When you limit yourself to stocks with a market cap over $100 million – you are limiting yourself to the two-thirds of American companies that are best known and best followed by analysts, investors, the media, etc. You are ignoring the one-third of American companies that are obscure. That is the group I want to focus on today.
Is it just a question of market cap? Are the smallest companies in terms of market cap always the most obscure companies?
And what if you have a lot of money to invest? What if you can’t invest in stocks with a market cap of $10 million or $30 million? Does that mean you can’t buy obscure stocks?
Not necessarily. There are some big obscure stocks. The example everyone who knows obscure stocks will give you is Seaboard (SEB). This is a company with a $3 billion market cap. But it’s also a company that has been run the way obscure companies are run.
It is family controlled. It doesn’t split the stock – shares go for $2,529. Most of the information you can turn up about the company is in the form of SEC reports, legal documents, and unauthorized (often unfriendly) news stories. Yahoo tells me no analysts cover Seaboard. But there were reports written on the company. So that’s a bit of an overstatement of the stock’s obscurity. Still, Seaboard fits the mold of a big, obscure stock.
What makes a stock obscure?
Think about when you hear about a stock. Probably it’s from some sort of news involving analysts, conference calls, press releases, acquisitions, and share issuances.
Imagine companies that aren’t followed by analysts, don’t hold conference calls, don’t put out press releases, don’t do (investment banker sourced) acquisitions, and don’t issue stock or bonds. Those companies will tend to stay out of the public eye.
There is one other – very powerful but hard to find – reason why a public company stays unknown. The shares were spread out weirdly. There are companies where shareholders got stock because of a bankruptcy, antitrust issue, tax issue, spin-off, etc. The further this event happened from Wall Street’s eyes – the more obscure the stock will be.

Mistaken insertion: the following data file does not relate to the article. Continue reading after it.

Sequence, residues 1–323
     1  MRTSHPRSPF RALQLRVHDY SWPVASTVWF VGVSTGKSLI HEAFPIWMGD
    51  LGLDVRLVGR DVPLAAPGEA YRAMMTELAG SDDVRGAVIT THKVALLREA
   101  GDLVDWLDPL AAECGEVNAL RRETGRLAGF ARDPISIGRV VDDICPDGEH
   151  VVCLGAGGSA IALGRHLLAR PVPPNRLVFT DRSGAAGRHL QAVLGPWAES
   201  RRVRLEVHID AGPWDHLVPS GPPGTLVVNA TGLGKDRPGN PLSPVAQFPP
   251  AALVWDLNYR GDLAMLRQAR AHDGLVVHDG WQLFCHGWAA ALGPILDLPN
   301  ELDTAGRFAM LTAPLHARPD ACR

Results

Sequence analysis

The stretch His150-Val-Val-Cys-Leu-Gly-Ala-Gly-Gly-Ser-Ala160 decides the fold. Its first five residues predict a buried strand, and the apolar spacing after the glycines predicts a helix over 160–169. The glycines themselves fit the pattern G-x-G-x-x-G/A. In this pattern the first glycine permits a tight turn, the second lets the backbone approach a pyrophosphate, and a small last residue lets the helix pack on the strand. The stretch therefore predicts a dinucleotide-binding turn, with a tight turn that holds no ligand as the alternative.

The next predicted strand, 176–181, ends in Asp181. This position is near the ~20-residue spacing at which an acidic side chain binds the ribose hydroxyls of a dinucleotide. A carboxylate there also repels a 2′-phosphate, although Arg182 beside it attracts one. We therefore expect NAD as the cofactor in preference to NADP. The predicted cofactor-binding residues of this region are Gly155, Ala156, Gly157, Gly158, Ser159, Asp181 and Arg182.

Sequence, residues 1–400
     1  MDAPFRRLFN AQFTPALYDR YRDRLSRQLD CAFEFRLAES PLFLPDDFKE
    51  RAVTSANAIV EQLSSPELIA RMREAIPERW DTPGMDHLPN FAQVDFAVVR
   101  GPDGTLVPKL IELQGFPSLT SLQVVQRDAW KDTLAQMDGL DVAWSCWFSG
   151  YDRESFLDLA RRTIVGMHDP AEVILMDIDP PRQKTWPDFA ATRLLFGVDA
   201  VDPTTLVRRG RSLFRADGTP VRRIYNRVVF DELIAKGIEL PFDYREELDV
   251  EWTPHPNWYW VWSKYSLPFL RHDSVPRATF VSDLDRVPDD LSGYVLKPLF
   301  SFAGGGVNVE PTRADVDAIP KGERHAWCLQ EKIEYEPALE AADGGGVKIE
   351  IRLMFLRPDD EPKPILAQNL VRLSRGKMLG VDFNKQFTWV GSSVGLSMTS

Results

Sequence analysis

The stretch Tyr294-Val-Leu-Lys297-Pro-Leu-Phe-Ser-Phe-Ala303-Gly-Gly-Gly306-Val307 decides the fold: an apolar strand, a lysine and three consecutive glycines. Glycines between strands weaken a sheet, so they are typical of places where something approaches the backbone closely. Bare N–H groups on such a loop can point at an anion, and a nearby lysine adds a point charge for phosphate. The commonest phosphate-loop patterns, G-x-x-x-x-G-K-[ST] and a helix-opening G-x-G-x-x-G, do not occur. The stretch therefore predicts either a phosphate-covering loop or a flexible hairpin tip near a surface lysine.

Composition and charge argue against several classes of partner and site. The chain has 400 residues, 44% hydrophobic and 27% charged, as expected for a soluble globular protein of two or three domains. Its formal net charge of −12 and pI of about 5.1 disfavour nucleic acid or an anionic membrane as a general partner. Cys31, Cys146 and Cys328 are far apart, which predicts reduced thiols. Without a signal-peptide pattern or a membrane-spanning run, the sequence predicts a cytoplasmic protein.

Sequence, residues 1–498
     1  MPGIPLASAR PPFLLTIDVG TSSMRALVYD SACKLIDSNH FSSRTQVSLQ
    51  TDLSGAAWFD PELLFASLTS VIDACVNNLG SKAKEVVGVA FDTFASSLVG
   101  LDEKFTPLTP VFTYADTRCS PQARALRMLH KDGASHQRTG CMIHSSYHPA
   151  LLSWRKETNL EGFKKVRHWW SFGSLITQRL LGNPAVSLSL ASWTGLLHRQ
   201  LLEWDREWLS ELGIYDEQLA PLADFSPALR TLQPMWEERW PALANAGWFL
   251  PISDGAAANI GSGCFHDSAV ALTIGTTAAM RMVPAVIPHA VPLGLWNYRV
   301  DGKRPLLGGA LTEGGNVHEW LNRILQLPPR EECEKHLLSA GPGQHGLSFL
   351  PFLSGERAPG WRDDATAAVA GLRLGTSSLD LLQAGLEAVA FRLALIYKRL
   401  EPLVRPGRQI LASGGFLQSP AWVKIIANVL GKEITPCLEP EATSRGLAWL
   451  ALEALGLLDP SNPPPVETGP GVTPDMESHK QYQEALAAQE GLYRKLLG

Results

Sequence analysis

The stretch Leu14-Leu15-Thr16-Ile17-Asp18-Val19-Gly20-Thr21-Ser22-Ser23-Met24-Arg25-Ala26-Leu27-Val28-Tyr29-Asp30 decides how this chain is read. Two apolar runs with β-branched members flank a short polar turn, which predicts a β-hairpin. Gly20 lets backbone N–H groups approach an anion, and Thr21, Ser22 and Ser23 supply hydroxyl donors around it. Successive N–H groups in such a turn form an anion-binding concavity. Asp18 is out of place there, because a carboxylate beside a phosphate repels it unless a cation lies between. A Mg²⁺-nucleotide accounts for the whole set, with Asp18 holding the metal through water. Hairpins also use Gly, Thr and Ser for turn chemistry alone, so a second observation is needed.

Imagine a situation where trade creditors end up with common stock. That’s very different from a situation where distressed debt investors end up with common stock. From Warren Buffett’s career we have the example of the Blue Chip Stamps consent decree. That put Blue Chip stamps in the hands of grocery stores. Grocery stores are not exactly institutional investors. Buffett took advantage of this. He didn’t just buy Blue Chip shares. He even bought shares of grocers figuring he could convince them to swap Blue Chip shares for their own shares.
Look for shareholders who aren’t institutions. This is something you can screen for.
That brings me to the best way to find obscure stocks. Stocks you can’t screen for are harder to find than stocks you can screen for. Measures like EPS and book value are very easy to screen for. Excessive depreciation, understated asset values, tax assets, etc., are hard to screen for.
Look for companies that use short useful lives in their depreciation calculations, LIFO inventory accounting, carry old real estate, don’t have to pay taxes for a while, and use the equity method of accounting. Public companies that own parts of other public companies are always worth investigating.
This is the real work you want to do. But it’s too much to ask of most investors who have never invested in obscure stocks before. So, let’s talk about starting points. You want to end up thinking about all the things I’ve mentioned – family control, unusual accounting, “hidden” assets, etc. But where do you start? Where can you come up with lists of obscure stocks?
There is a new website called Unlistedstocks.net. It looks like it will be an excellent starting place. That site was started by the author of Oddball Stocks. I know Oddball Stocks is already a great place to find obscure stocks. Read all of that blog’s archives. And keep a file with the names of obscure stocks covered on the blog. You can also read blogs like OTC Adventures and Whopper Investments in the U.S. And the Share Sleuth blog in the UK.